Thu. February 7
The Daily Scene
There’s no difference between fame and infamy now. There’s a new school of professional famous people that don’t do anything. They don’t create anything. You should make something. You should bring something into the world that wasn’t in the world before. It doesn’t matter what that is. It doesn’t matter if it’s a table or a film or gardening — everyone should create. You should do something, then sit back and say, “I did that.”
The menu allowed no substitutions: You wanted the Nabokov, you had to take Noam Chomsky.
Breasts, buttocks, genitals banned at Grammys – but also message-sending lapel pins.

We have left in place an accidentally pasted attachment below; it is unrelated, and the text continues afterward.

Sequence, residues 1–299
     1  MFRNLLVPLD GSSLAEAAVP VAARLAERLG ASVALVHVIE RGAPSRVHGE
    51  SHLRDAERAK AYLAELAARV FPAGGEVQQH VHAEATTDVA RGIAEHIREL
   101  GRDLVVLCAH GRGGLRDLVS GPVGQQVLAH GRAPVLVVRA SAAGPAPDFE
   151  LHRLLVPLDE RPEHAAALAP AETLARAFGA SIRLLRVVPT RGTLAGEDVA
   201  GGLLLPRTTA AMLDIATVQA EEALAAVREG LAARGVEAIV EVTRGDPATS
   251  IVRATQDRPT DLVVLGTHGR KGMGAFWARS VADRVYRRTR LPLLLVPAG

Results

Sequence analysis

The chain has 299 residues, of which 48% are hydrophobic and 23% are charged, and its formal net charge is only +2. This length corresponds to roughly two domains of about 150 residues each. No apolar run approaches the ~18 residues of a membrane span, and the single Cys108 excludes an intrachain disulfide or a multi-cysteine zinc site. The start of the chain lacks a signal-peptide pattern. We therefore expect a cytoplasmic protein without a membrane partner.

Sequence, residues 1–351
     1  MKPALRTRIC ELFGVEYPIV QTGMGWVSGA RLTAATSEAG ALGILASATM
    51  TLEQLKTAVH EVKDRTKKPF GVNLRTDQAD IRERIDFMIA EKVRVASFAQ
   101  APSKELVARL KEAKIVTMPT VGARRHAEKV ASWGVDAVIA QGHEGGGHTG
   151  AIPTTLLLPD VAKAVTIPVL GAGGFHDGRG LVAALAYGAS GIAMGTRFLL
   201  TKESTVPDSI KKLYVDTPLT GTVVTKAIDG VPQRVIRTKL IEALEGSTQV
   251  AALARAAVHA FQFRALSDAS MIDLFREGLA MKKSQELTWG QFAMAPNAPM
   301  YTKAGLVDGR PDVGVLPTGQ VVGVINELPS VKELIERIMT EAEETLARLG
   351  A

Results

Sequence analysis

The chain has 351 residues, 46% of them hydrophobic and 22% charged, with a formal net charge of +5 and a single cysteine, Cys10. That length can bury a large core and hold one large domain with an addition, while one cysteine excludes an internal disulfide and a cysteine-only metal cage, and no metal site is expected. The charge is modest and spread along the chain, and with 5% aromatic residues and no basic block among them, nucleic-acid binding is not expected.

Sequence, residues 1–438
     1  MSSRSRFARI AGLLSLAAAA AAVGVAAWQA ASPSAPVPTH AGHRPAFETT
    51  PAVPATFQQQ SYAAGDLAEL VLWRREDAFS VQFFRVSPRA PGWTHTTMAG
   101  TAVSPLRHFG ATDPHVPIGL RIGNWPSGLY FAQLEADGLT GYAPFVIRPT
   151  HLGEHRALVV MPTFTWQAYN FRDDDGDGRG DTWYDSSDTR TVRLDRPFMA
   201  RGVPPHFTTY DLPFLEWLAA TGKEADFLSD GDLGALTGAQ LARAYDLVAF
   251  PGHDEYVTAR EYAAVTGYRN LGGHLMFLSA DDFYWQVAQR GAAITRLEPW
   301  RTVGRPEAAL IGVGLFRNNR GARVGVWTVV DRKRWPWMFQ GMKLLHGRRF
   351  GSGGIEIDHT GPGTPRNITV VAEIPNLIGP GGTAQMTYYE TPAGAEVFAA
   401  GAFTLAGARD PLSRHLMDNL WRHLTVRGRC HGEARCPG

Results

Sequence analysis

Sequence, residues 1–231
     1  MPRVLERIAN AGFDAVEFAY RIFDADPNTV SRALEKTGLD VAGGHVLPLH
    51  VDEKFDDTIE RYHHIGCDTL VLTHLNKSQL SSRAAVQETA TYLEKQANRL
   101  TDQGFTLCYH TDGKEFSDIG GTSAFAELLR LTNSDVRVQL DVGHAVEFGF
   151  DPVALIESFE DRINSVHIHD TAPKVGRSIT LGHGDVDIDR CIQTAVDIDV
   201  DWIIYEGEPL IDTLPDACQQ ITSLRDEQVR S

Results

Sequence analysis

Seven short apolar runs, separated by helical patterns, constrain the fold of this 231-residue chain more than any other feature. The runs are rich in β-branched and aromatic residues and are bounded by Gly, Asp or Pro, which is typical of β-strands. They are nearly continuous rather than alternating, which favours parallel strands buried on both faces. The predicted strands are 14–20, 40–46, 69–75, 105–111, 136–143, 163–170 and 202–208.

“There’s no crying in baseball,” said Mrs. Davis, often called “Pepper,” when asked years later how she endured the pain while keeping her composure. Mrs. Davis, a mainstay of women’s baseball in the 1940s and ’50s, died Feb. 2 at a hospital in Van Nuys, Calif. She was 88. Her line was later immortalized in the 1992 hit film about women’s baseball, “A League of Their Own,” which featured Tom Hanks as a gruff, no-nonsense manager who barked at his players that there was “no crying” in the sport.
. . . and manipulative? A psychological evaluation says yes on both counts.